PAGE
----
• Ochre Woods : A large Forest portrayed during the fall season. Both "Gone Fishing" and "Pokémon Picnic" missions can take place in the Ochre Woods. It is a great place to farm crops and the location of Abra's Shop. The woods also contain some fun features as the secret caves, the Togepi egg that will hatch after a number of missions and the dancing Magnemite.
  • Ochre Fishing Spot : The fishing spot in Ochre Woods. Seaking can be caught here.
  • Springleaf Fields : A grassy area with few scattered flowers and trees. The "Field Trip" activities can take place in Springleaf Fields, which is a great place to farm raspberries and sunflowers. In addition, a tree shaped Abra's Shop can also be found here.
  • Cobalt Fishing Spot : The fishing spot in the Cobalt Coast. It's considered the best fishing spot in game. Kingler, Krabby and Goldeen can be caught here.
  • Olivine Fishing Spot : The fishing spot in the Olivine Lake. A better fishing spot than the one in Ochre woods, but still inferior to the Cobalt Fishing Spot. Dratini can be caught here.

Pikachu's Play Days

Accessed from the front gate of the player's house, it is the intermediate difficulty level, featured as a sketch with coloring pencils. It offers five locations :
  • Cobalt Island : A small Island filled with treasures. It is only unlocked after breaking the piñata three times at the "Piñata Party" activity. The "Treasure Hunt" activity takes place on the island. When Pikachu is near a treasure, the player can order it to dig it up and then hit it with thunderbolt to open in. The island is also a great place to farm coconuts, bananas and spiny shells.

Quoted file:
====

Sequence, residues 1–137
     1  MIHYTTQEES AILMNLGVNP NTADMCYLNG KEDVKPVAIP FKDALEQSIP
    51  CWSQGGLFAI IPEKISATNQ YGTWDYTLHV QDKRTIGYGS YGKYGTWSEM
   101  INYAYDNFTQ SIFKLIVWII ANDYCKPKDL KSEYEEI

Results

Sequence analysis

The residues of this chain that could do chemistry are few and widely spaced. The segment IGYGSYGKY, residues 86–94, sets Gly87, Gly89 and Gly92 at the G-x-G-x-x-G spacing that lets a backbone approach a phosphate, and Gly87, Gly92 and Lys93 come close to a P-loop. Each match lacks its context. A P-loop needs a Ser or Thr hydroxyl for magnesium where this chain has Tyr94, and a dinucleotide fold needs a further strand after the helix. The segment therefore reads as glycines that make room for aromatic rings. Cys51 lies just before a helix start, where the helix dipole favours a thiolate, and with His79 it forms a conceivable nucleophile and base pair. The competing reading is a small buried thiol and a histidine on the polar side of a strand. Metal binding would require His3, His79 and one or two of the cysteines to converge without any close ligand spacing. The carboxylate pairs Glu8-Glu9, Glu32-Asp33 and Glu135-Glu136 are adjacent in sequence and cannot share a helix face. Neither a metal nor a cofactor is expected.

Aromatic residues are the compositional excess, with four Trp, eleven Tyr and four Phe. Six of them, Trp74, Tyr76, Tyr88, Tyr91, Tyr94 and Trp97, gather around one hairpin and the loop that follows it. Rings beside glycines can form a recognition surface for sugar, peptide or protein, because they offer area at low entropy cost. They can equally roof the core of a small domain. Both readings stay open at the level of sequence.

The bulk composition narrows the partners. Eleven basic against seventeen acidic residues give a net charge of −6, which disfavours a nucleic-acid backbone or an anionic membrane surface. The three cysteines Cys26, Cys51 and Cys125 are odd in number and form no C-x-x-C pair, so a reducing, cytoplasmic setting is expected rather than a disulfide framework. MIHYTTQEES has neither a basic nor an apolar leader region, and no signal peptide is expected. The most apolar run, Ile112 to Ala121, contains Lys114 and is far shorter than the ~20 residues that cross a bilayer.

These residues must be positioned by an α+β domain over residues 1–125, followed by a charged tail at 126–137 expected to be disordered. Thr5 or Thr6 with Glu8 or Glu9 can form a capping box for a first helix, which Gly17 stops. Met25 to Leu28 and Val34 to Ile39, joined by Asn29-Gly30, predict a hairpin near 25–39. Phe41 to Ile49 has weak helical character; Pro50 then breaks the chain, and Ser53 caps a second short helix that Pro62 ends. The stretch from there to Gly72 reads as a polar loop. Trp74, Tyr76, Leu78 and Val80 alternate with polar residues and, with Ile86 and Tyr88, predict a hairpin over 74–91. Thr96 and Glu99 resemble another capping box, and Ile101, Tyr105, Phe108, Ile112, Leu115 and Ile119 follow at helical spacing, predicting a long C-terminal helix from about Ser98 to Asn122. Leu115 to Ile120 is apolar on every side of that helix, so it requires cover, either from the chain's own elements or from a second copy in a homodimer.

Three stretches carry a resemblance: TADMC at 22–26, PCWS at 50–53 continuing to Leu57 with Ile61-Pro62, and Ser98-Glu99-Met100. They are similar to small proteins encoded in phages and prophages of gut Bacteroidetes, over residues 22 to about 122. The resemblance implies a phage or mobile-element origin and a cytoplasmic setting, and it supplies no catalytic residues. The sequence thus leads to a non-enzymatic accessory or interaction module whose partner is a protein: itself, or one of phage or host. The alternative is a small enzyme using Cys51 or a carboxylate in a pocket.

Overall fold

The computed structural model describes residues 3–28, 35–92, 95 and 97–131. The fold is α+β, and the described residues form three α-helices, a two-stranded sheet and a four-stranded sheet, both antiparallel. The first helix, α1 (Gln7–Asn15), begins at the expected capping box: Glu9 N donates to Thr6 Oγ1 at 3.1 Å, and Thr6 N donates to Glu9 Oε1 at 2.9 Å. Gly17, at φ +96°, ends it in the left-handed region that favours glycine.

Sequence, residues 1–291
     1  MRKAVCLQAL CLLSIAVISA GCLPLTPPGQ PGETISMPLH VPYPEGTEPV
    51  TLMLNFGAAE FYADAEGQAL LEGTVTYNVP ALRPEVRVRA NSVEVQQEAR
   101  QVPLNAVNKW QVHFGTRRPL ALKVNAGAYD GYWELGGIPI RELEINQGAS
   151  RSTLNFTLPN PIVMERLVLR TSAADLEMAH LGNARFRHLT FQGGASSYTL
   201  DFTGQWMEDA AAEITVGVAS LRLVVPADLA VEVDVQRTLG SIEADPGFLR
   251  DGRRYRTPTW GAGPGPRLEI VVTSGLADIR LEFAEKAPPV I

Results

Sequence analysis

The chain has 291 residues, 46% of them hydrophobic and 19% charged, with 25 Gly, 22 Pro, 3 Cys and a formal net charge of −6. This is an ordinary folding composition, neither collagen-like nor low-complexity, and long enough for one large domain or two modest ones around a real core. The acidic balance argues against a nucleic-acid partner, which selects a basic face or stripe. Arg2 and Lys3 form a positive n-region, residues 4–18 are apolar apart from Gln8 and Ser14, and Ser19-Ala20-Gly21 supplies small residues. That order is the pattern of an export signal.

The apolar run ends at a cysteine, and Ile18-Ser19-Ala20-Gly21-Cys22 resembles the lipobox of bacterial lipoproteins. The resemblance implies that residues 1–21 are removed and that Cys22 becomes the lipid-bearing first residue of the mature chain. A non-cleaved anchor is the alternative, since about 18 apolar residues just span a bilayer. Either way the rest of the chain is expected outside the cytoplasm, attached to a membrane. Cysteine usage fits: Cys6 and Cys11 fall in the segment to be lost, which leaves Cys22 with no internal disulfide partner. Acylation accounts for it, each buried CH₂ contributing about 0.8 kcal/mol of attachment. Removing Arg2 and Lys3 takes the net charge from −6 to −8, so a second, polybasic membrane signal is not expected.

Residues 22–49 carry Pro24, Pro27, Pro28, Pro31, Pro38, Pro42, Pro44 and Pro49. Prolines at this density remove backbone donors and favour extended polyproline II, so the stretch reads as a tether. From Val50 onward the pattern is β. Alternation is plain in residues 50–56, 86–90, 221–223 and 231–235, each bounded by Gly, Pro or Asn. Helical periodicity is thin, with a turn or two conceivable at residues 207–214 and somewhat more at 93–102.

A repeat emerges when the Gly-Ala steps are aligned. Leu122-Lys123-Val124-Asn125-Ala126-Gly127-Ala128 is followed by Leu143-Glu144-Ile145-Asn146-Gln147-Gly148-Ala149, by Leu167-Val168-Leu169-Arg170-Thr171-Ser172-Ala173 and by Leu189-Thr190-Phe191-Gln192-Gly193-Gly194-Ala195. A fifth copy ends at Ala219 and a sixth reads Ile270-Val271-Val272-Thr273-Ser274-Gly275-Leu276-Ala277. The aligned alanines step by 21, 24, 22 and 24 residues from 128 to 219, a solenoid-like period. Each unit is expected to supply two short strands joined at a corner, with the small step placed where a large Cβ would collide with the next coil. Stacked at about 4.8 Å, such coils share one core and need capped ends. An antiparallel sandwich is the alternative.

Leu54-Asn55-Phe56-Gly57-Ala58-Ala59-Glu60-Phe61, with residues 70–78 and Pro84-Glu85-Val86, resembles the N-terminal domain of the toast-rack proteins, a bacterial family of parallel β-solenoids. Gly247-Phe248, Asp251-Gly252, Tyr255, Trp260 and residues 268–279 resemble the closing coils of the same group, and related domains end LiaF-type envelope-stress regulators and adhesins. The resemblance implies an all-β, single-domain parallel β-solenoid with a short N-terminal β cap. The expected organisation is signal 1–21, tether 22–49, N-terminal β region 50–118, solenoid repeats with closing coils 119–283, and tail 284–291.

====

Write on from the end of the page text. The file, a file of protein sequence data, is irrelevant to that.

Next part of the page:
• Cobalt Coast : A sunny beach where the "Piñata Party" activity takes place.
  • Olivine Lake : A large lake where different Pokémon live. The "Gone Fishing" and "Little Lost Poliwag" activities take place here. It
  • Ochre Woods.
  • Springleaf Field.

Pikachu's Daring Days

Accessed from the side gate from the player's house, it is the hard difficulty level, featured with quite an elaborate map, which shows five different locations :
  • Viridian Forest.
  • Ochre Woods.
  • Springleaf Field.
  • Cobalt Island.
  • Olivine Lake.
  • There is one more secret location that can be unlocked within this level, by saying its name at the map screen, and it is Professor Oak's Special Training. It is first accessed when Professor Oak tries to teach the player how to use the different view modes, and it can only be replayed through this method.

Mission Types

The game levels offer different types of missions, with some missions affecting their location (doing some mission for a second time unlocks a larger part of the location. Some missions take place in different parts of the same locations, depending on whether they're done for the first, second or third time). The missions are as follows :